Archive for March, 2014

anonsally: clavisa: leslielikesthings replied to your post:leslielikesthings replied to your…

Monday, March 31st, 2014



Yeah that’s where I am mostly lately as well. Easier for me though sad that Sally’s not in on it. :(

Yeah I see aeternamente more there too these days. And rosieramblings and thedovenest and genderific and thelorelaisquared and yeah basically most people. 

Hey anonsally, have you considered getting twitter so you can talk to us? Please? 

I’ve definitely missed leslielikesthings here on Tumblr, and I’m sad if you’re all migrating over there… However, there are a couple obstacles to me getting Twitter: 

  1. I originally got into Tumblr because I liked the longer analytical and meta posts… which Twitter is the wrong platform for… and those are still my favorite thing about it.
  2. I don’t have a smartphone (yet. I assume it will eventually be inevitable).

That said, knowing you Spinstrs are all there is certainly an incentive.

I keep making tweets that mention giraffes in the hope it will conjure up anonsally via some sort of social media sympathetic magic. No luck so far, but I remain hopeful.

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Monday, March 31st, 2014

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gameraboy: Disneyland, CA, 1971 by Nguyen Ngoc Chinh on…

Monday, March 31st, 2014


Disneyland, CA, 1971 by Nguyen Ngoc Chinh on Flickr.

This was the Disneyland I remember best. The PeopleMover, Skyway to Tomorrowland, Adventure Thru Inner Space… Those were the days.

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rainbowrowell: slureads: I read Eleanor & Park by Rainbow…

Monday, March 31st, 2014



I read Eleanor & Park by Rainbow Rowell, and it was adorable.  I felt inspired to do this quick sketch.  The book is sweet, but it also tackles some tough issues: poverty, growing up as mixed, bullying, abuse, among other things.  I hope I captured the characters well.

Colors to come (??) if I have the spare time.  I might also pick a more specific scene, since I know my environments need a bit of work. 

I also read two John Green books (Looking for Alaska, The Fault in Our Stars) — not sure if I’ll get around to any sketches.

This is one of my favorite Eleanor and Park pieces. So much emotion in their posture, and Eleanor is especially lovely — thank you!

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the-eldest-woman-on: Milky Way & Venus Taken by Mike…

Sunday, March 30th, 2014


Milky Way & Venus
Taken by Mike Taylor on February 8, 2014 @ Bristol, Maine

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lifeofjardini: A watercolor of shipwrecked comedy’s wonderful…

Sunday, March 30th, 2014


A watercolor of shipwrecked comedy’s wonderful kissing in the rain

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bobak: bookoisseur: jawboneradio: The Geek A Week trading…

Sunday, March 30th, 2014




The Geek A Week trading card for Bobak Ferdowsi.  Hear his podcast interview here.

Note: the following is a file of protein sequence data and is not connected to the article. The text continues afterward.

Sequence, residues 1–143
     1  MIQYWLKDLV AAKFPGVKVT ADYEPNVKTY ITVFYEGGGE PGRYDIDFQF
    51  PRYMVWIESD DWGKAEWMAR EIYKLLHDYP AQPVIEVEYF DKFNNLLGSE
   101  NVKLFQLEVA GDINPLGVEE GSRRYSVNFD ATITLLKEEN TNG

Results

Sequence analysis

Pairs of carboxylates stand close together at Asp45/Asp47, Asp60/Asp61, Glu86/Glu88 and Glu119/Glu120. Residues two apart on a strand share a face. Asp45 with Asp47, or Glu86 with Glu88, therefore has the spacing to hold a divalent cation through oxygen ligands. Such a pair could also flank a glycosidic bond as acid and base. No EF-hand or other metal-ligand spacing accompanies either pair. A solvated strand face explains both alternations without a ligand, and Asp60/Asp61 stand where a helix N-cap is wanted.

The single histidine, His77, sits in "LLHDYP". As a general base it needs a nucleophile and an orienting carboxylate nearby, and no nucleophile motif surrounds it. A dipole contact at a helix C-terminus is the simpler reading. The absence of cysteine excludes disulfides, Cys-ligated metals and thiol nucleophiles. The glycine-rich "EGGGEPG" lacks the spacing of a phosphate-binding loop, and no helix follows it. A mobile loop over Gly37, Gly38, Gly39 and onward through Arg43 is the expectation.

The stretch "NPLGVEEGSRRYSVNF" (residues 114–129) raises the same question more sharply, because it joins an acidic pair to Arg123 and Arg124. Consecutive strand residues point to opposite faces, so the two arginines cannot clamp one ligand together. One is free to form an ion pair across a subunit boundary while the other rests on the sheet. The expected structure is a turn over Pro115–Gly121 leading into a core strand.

Hey, I know that guy! bobak look!


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“Transmedia is a word for old people” | Alisa Rivera

Sunday, March 30th, 2014

“Transmedia is a word for old people” | Alisa Rivera:



Sharing a blog post I wrote on my professional site. If you follow the link, you can read a very interesting comment that someone left in response:

Transmedia—telling stories across multiple platforms and formats like YouTube, Twitter, Facebook, blogs and other social media—is very trendy right now. You’ve got the success of shows like The Lizzie Bennett Diaries and East Los High, in which fans got to interact with characters in “real time,” making them not only consumers of the content but story tellers as well.

As a relative newbie to transmedia, I’ve been feeling psyched about the possibilities, particularly when it comes to storytelling for non-profits. Think of the possibilities for engaging donors and volunteers, bringing organizations’ missions to life in a visceral way.

But when a friend of mine shared my obsession with her 17-year-old daughter, this was her response:

“Transmedia is a word for old people.”

What?? Aside from making me feel about 100 years old, what did my friend’s daughter mean by that?

My friend’s daughter explained that young people don’t need a word to describe transmedia because this is how they live every day. The narrative of their own lives unfolds across different social media platforms and they consciously create identities for themselves depending on where, what, how and with whom they share information.

So a younger person may have one persona on Tumblr, another for Facebook (where their parents and grandparents hang out), yet another for Instagram, and so forth. And they take in information in the same way: watching a series on Hulu while IM’ing a friend or scrolling through animated gifs on Tumblr or watching reaction videos on YouTube. The idea that there is just one way to consume content is just flat-out incomprehensible to them.

So that’s why transmedia is a word for old people—if you’re older than age 30 or so, you grew up in a broadcast world where you watched whatever the networks or cable channels chose to beam at you with no easy way to beam back at them or communicate with like-minded folks consuming the same content (though some folks tried their best—I’m looking at you, old-school Star Trek fans).

Of course, nowadays nearly everyone consumes content the way younger people do. For example, the NY Times recently redesigned their news pagers so that comments appear to the right of the original article, giving both equal visual weight on the page. But while older consumers are “doing” transmedia, they don’t live it the way younger folks do.

You can see this playing out in organizations because the primary decision makers—senior executives and CEOs—generally Don’t Get It. They still think of marketing and communications as a one way street. They treat social media channels as PR tickers. Most importantly, they still think of people as audiences rather than as co-collaborators in creating a shared experience—which is how younger folks see themselves.